And I suppose I can relate to that kind of visceral feeling in my own way. When I was a bit older, and I recognized the band on my own terms of adolescence, Led Zeppelin became “The Best Band Ever!” For me, that happened somewhere around sixth or seventh grade; that time when you’re just getting old enough to think more deeply, and a band like Led Zeppelin could change your world.  Everything’s new when you’re young and that band, for me, filled up a good deal of my new, empty brain.  If you were lucky enough to have a portable listening device, a Walkman or Discman, you could keep your hormones at bay by listening to powerful “dick rock”; or maybe a tender ballad or two.  Either way, school was more fun with your eyes closed, listening to Led Zeppelin. With a Walkman, you could listen between classes and on the bus, in the cafeteria, homeroom—not in class of course…but maybe sometimes.

Still, there is our Dad’s understanding of Led Zeppelin and our understanding. Our fathers saw the phenomenon first hand and have been exposed to forty plus years of this music being played ad infinitum, so they are actually entitled to hate it more.  Except it seems everyone either really likes them or really hates them.  Each person is entitled to hate whatever they want, but Led Zeppelin is still a band that existed as one of the greatest bands of their time.  Go look up their tour dates. From 1968 to about 1973, they were touring nearly nonstop.  They earned their spot.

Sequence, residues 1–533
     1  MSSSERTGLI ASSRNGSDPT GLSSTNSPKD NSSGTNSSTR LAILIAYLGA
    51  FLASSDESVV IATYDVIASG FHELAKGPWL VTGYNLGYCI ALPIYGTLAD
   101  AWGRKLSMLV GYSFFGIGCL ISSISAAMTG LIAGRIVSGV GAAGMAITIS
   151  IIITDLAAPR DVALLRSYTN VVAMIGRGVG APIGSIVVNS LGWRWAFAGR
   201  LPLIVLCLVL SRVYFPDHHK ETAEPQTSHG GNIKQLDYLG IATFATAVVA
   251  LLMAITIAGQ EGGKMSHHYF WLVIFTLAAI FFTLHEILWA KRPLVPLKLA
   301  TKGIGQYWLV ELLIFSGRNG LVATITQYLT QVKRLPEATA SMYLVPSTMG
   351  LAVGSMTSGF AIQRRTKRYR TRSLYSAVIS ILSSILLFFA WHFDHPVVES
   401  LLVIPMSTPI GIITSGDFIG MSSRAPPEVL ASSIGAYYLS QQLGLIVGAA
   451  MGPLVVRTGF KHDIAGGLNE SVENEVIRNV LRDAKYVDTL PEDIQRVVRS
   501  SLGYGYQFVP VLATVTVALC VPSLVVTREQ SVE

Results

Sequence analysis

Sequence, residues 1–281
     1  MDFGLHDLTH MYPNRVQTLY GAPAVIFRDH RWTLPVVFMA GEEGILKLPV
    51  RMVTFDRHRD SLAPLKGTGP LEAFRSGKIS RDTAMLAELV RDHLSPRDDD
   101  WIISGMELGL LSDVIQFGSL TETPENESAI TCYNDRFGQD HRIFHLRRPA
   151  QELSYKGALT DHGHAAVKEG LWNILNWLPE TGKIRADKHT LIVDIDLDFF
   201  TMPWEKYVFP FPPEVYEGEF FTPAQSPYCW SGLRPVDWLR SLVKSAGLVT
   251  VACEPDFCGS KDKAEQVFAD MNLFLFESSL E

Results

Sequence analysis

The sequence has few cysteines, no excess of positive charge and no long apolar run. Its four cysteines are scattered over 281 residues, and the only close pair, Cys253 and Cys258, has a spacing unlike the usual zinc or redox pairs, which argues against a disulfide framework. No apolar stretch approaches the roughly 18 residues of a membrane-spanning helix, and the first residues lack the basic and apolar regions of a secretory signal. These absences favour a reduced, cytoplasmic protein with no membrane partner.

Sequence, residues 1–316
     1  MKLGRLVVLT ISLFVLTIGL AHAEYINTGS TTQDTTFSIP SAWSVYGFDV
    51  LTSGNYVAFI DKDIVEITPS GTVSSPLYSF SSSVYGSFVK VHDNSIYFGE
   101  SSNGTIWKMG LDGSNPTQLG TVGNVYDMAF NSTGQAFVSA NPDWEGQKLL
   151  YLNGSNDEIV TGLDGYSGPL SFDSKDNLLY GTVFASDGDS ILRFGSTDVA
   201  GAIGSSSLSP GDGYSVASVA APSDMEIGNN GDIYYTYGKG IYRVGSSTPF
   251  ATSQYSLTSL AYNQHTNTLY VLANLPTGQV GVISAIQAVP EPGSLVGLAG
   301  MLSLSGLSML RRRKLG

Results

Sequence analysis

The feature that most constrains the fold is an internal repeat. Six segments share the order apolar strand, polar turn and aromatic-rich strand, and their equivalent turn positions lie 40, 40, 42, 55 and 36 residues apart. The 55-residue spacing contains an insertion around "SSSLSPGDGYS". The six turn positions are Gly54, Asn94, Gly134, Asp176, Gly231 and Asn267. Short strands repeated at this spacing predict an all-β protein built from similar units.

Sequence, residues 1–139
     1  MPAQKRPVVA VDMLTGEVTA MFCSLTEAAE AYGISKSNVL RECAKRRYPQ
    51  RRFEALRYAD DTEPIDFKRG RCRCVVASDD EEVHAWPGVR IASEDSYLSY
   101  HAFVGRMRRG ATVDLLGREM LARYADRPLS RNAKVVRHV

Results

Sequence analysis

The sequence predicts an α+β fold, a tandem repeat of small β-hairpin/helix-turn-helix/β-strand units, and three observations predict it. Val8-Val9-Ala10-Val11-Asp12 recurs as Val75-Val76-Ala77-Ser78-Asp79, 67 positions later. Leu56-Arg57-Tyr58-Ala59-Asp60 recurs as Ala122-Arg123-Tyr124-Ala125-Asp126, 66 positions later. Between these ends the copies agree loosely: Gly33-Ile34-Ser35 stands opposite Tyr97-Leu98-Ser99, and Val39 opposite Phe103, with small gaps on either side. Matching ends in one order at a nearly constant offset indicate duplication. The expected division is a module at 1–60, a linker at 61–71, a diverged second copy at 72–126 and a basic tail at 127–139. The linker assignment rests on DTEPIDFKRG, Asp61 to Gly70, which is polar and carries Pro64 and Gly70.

Recently, in order to write this piece, I decided to watch video and listen to audio of Led Zeppelin playing live in Spokane, Washington in 1968. It was their fourth concert in the states and they skipped over the East coast to play Denver as the first gig. Then Seattle, Vancouver, Portland and finally…Gonzaga University?  Why? I don’t know. They had just gotten a deal with Atlantic earlier that year that rivaled any in history. Plant and Bonham were country guys who joined established session musicians and Londoners, Jones and Page. Though Page and Jones had already been in the rock n’ roll scene for a few years and had seen Jeff Beck, the Stones, Eric Clapton and the Beatles firsthand, I bet their balls dropped when they first heard Bonham play.
At the Spokane show, they play “Dazed and Confused,” and the opening snare drum hits sound nothing short of terrifying. The microphones were not ready for that kind of sonic bombardment.  Everything is buzzed and lo-fi, but the performance is there. It’s some of the best loud, experimental blues I’ve ever heard. A FUCKING BOW ON THE GUITAR?  Come on!  The distortion is like an acid trip. I wish I could have seen the faces of the audience when Zeppelin double-up the tempo after Page’s improv.  Fucking great!  Listening again, it still gets me. Right in the sweet spot…my dick.  (My “ear dick” maybe.)

If we can just take a second to appreciate what it was like to hear Led Zeppelin for the first time—in a small gymnasium in Spokane, Washington in 1968—it might be better for us. That first time seeing them play was most likely the coolest thing ever. That’s because they were young, pure, powerful and more or less unprecedented.  (Although, to be fair, I bet there were a few guys after the Spokane show who didn’t like Plant’s voice or his dick-prominent crotch thrusts.)

And I suppose maybe I’ll choose to remember them like that, like they were in their primitive and furious days of late ‘60’s; instead of in the “Getting the Led Out!” on 99.1 WPLR sort of way that they were force fed to me.